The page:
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Saturday 21 January 2017

Our Farm: Getting to grips with the causes of lameness

Mary Kinston

Published 27/10/2016 | 15:00

Lameness is not an easy problem to fix, there is never one solution, and problems vary from farm to farm.
Lameness is not an easy problem to fix, there is never one solution, and problems vary from farm to farm.

The method of crossing my fingers for a good October didn't prove too lucrative this year as the wet weather conditions continued in Kerry.

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As expected on breaching the soils saturation point, there was a rapid decline in grass growth coupled with a compromised ability to keep cows at grass.

Additional supplements in the form of silage and a degree of night housing was required at home, as on many other units. In many ways it's disappointing to start the housing period so early, and to start reducing that store of silage -- bales or pit.

However, on a positive note, it provided contentment for cows at grass and dried many cows up at the tail end where they were loose and dirtier than liked. So it's not all bad.

For numerous reasons, it also seems that having to walk to paddocks has not been enticing for the herd for some time now.

Why? Well there's more than one answer I'm sure, but the accumulation of dirt on roadways and softer hooves from this wet, drizzly weather probably isn't helping.

Lameness

It's also no surprise that lameness has become more prevalent in recent weeks, and as we house cows it had crossed my mind to whether this would negatively or positively affect the cows ailing to walk.

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So I delved into some of the available research on the pasture-based to winter-housed system often practiced in Ireland. Here's a few interesting facts I unearthed.

From Olmos et al, 2009, Livestock Science;

• Previous research has indicated that pasture-based systems operated in Ireland and New Zealand have an annual incident of lameness of 28pc (range 4pc to 54pc) which is similar to the level seen in housed systems 21pc (range 2pc to 54pc). However, access to pasture has also been reported to reduce the level of lameness and risk of claw disorders

• Poor roadways, long walking distances, poor herding skills and sub-optimal dry matter intakes are causes of lameness in the pasture-based dairying system;

• Cows' hooves require a minimum of 85 days at pasture to recover from the housing period and calving event which reduce the resilience of the hoof to mechanical and chemical stressors; • From day 85 post calving to the end of lactation, the pasture-based cow has less hoof disorders, better locomotion ability, and reduced likelihood of clinical lameness compared to the housed system;

• Pasture system facilitates longer undisrupted lying times that have beneficial implications for lameness and therefore welfare;

• Infectious causes of lameness show the quickest and greatest decline at pasture, with the severity of digital dermatitis being easily resolved if contact between slurry and infectious agents are reduced;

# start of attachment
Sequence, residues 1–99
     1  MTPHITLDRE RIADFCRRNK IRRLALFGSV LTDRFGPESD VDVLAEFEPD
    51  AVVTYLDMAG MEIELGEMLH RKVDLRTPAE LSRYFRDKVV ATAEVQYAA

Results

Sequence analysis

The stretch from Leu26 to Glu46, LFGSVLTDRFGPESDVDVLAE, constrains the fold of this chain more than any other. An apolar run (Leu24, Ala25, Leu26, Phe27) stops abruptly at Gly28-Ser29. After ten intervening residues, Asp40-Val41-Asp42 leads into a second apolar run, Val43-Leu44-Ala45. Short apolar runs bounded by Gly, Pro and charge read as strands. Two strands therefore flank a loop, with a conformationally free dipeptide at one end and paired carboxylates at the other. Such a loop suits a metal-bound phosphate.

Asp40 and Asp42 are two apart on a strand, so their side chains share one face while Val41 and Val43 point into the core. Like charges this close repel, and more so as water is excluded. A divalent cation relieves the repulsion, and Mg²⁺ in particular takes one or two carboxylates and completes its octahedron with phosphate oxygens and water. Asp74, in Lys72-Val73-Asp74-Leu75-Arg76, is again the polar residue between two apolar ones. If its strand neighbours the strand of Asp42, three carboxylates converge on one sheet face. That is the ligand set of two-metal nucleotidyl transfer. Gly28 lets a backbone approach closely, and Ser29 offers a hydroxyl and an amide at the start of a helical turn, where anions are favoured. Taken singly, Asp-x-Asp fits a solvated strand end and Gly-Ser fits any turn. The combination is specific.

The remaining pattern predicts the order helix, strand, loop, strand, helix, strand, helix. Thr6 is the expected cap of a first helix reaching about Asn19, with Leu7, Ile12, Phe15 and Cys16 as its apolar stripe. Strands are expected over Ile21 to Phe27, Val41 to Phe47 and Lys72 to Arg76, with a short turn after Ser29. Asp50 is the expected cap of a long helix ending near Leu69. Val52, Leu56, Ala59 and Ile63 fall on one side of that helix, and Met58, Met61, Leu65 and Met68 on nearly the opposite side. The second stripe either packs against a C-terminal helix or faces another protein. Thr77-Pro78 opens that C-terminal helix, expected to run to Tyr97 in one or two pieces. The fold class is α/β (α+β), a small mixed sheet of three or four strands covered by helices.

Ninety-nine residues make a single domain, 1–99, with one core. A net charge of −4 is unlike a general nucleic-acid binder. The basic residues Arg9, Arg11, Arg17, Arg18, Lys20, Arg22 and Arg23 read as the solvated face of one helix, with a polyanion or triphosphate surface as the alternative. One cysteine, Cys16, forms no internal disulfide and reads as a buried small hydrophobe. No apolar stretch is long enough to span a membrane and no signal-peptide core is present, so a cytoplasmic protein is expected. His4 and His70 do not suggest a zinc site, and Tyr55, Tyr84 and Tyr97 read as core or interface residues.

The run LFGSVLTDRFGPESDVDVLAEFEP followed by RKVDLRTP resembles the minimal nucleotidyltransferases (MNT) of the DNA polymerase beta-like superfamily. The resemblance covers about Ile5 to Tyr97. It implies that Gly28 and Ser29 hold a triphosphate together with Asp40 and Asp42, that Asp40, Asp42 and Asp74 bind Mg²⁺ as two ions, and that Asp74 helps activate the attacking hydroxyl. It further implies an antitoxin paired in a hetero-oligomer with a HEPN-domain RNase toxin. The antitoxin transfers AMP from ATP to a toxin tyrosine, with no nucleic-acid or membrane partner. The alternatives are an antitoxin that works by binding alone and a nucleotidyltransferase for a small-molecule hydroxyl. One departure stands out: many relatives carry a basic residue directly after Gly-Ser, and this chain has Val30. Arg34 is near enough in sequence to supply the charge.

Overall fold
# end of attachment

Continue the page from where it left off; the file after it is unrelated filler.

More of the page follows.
• White line disease (WLD)is recognised as a sub-clinical or chronic manifestation of laminitis, while haemorrhages and sole ulcers are indicators of constant mechanical insult.

From Somers and O'Grady 2015, Irish Veterinary Journal:

• White line disease is the most common foot lesion; • Grazing system decreases the risks of sole ulcer, digital dermatitis and other infectious lesions but increases the risks and incidence of white line disease and sole haemorrhage compared to housed cows. WLD incident increases especially if grazing by day and housed by night;

• Severity of lesions and disorders in housed cows are higher, probably due to cumulative effects of walking or standing on concrete, contact with slurry or unhygienic conditions;

• On average 58pc of lameness is caused by non-infectious lesions, 35pc caused by infectious lesions, but dependent on the farm;

• Ninety per cent of lesions were found on the hind feet, 12pc on front feet and 8pc had lesions on both;

• Eighty one per cent of lesions on front feet are on the medial (inside) claw, whereas 63pc of lesions on the back feet are found on the lateral (outside) claw.

Lameness is a major economic problem and a welfare issue for both cow and herdsman.

So what can we conclude is this;

1. Irrespective of system, lameness is a significant cost in Irish dairying. If more than 7pc of your cows in one year are lame there is a lameness problem in your herd.

2. Lameness is not an easy problem to fix, there is never one solution, and problems vary from farm to farm.

3. Knowing the cause of lameness and incident level on your farm may facilitate in creating a plan on how to reduce it.

4. Infectious causes of lameness have an increasing impact during the housed period. If you have an incidence of them, devise a treatment plan. Reduce slurry contamination and improve hygiene.

5. The severity of lesions are greater in housed cows so intervene and treat lame cows ASAP.

6. If sole haemorrhage, white line disease and sole ulcers have been a significant cause of lameness this year, consider repairing roadways where needed. Wet boggy areas are a no no. Also consider how are you herding cows? Are the cows pressured at any point?

7. If white line disease was the main lameness ailment, consider how you managed the cow's diet. Was it energy deficient, where there dietary changes?

I believe that prevention is the key to having real success with lameness. Focus on what you can control by identifying key areas of farm infrastructure, cow management/handling, and nutrition.

Mary Kinston is a discussion group facilitator and consultant, and farms with her husband in Kerry

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